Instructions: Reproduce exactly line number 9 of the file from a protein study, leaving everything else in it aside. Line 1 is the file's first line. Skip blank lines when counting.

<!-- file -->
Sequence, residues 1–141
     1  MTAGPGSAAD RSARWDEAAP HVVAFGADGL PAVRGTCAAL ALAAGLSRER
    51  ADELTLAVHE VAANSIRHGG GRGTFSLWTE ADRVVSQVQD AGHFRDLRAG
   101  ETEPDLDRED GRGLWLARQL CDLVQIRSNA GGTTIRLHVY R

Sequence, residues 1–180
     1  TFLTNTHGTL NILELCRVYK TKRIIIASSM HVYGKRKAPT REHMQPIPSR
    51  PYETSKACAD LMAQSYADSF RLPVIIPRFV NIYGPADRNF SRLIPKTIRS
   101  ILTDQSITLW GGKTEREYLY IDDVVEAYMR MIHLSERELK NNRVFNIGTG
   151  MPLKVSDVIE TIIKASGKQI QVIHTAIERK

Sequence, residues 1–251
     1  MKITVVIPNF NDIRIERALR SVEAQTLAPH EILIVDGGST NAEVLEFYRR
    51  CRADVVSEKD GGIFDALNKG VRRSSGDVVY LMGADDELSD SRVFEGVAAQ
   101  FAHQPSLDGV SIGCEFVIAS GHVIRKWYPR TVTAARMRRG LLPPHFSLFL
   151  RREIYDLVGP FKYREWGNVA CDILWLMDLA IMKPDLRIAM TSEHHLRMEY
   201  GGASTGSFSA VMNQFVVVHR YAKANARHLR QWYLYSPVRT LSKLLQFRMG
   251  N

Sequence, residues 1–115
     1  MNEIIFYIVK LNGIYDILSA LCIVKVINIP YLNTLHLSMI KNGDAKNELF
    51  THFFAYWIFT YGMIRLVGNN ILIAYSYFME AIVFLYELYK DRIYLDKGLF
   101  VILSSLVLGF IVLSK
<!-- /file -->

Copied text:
   151  MPLKVSDVIE TIIKASGKQI QVIHTAIERK